After hitting .273/.318/.521 in 2016, showing a power surge with a .248 ISO, Longoria hit just .261/.313/.424 with an ISO of .163.  Over the last four years he has seen a decrease in his power, posting ISO’s of .151/.166/.248/.163, and he’s also seen his walk go from 8.1 percent to 7.6 percent, 6.1 percent, and 6.8 percent over those years as well.  This is the first time Longoria has really struggled, having a career low in wOBA and wRC+, and part of the reason is he didn’t barrel the ball as much this past season as he has in the years prior:


Evan won’t be the .275/.357/.512 hitter with a .371 wOBA and 135 wRC+ like he was from 2008-2013, but the .264/.320/.447 hitter with a .326 wOBA and 108 wRC+ he’s been since 2014 is reasonable for the now 32 year old going forward.  In fact, for 2018, STEAMER projects him to a slash of .264/.322/.458 with a .329 wOBA and 107 wRC+.  That’s a capable offensive performer, and would be a welcomed addition to the Pirates lineup, and would be an excellent cleanup option with Starling Marte, Josh Bell, and Andrew McCutchen hitting in the first three spots.

How much value Evan Longoria has

But to acquire a player of Evan Longoria’s quality, you have to calculate how valuable he is, and how valuable the contract is, i.e. his surplus value.  Jason Hanselman of The Process Report did this exercise in September 2015, but let’s update the value of the win and recalculate his surplus value.  Matt Swartz, an economist, has found that teams pay $10.5 million for a win on the free agent market, and with a 5.9 percent salary growth rate, we get the surplus value below:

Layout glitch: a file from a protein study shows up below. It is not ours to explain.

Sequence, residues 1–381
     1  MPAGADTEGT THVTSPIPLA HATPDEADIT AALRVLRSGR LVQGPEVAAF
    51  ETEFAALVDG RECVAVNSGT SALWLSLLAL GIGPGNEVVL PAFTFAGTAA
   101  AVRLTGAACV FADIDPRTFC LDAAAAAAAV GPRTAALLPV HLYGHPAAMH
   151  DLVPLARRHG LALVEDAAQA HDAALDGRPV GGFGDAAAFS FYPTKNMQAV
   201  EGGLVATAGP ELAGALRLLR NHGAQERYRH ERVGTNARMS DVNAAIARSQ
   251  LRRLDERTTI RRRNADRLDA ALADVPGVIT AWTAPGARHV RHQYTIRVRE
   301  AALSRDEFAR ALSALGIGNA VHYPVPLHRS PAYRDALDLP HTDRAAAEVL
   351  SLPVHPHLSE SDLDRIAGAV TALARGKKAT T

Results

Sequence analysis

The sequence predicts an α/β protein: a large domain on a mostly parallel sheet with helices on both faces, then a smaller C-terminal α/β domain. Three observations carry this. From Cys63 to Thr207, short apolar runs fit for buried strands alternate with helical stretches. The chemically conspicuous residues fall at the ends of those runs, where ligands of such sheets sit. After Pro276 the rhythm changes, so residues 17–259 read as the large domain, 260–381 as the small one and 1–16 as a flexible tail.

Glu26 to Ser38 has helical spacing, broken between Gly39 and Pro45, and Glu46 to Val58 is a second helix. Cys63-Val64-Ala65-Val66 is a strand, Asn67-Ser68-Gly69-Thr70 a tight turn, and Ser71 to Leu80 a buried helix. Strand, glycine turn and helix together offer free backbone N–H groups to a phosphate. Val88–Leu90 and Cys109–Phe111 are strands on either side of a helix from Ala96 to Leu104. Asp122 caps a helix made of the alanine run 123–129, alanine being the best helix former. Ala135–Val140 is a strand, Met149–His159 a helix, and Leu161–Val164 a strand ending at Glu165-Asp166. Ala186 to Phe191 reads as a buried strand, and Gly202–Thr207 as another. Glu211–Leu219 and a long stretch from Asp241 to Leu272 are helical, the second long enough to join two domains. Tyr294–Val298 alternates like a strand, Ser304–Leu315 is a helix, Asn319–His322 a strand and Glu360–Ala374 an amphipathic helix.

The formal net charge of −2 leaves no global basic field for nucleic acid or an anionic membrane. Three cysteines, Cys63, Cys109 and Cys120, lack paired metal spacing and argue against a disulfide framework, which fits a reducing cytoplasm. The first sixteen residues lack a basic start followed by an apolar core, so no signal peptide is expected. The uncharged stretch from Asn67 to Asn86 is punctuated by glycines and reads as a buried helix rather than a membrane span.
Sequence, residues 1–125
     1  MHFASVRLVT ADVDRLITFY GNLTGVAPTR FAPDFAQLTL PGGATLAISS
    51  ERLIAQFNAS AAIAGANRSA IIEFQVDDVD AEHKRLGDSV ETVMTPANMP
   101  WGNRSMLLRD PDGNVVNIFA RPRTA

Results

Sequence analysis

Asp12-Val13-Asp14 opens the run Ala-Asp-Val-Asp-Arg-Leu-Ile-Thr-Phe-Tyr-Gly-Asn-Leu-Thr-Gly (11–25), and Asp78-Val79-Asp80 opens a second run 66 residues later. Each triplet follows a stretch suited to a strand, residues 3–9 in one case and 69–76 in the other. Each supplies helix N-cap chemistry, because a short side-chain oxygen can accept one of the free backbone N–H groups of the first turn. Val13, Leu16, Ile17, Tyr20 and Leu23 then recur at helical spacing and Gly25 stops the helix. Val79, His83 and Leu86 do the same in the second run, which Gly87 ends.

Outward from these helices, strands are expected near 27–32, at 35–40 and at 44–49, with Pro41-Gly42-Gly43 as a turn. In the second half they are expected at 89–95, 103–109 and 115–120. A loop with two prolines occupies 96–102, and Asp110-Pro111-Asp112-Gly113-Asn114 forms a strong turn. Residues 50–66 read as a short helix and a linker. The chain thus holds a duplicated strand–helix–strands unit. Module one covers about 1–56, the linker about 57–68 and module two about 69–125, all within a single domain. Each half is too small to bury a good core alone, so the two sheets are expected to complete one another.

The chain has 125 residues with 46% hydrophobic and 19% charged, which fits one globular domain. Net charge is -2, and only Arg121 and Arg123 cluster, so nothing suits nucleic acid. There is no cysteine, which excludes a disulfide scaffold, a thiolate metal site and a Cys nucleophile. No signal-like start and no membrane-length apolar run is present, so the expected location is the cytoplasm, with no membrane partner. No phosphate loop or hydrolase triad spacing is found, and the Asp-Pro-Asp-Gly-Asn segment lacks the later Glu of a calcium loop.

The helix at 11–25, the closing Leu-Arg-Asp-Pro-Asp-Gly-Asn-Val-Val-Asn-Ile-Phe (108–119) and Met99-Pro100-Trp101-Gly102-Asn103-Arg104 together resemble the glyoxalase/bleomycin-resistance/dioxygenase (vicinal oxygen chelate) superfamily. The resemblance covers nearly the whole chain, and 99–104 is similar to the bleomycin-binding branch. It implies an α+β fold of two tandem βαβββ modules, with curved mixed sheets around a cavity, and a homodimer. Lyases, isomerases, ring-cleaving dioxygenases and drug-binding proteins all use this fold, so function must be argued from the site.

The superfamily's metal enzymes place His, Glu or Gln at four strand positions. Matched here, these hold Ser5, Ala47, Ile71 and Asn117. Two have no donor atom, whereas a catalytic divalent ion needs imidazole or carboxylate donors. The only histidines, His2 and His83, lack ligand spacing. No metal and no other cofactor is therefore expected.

Growth Rate
201832 $13,500,000.005.9%3.0$10,500,000$18,000,000.00
201933 $14,500,000.005.9%2.5$11,119,500$13,298,750.00
202034 $15,000,000.005.9%2.0$11,775,551$8,551,101.00
202135 $18,500,000.005.9%1.5$12,470,308$205,461.97
202236 $19,500,000.005.9%1.0$13,206,056($6,293.943.85)
202337 $13,000,000.005.9%1.0$13,985,213$985,213.46

For his WAR, STEAMER projects him at 3.1 WAR in 2018, and just like Jason did, I knocked off a half win for each following year until 2023 because I don’t see him really being less valuable than one win given David Freese has been worth 1.8 and 1.6 wins these last two seasons.  That 2023 year is an option with a $5 million buyout, and unless Longoria is still a very productive player, there really isn’t a reason for any team, outside of the Rays because of fan perception, to pick up that option.  Based on this, Evan has a surplus of $34.7 million for the club he is on.

What it would cost in trade

The Rays would need to get around $35 million in trade value back in order to trade Evan Longoria, and by trading Longo, they’d likely look to acquire prospects.  The Point of Pittsburgh has researched and provided prospect values for 2016.  However, Fangraphs has licensed their model and The Point of Pittsburgh guys have adjusted their model to future value grades instead of just their rankings in Baseball America’s top 100.  Below is the prospect value based on grade, and is the exact same table you’ll see on Fangraphs.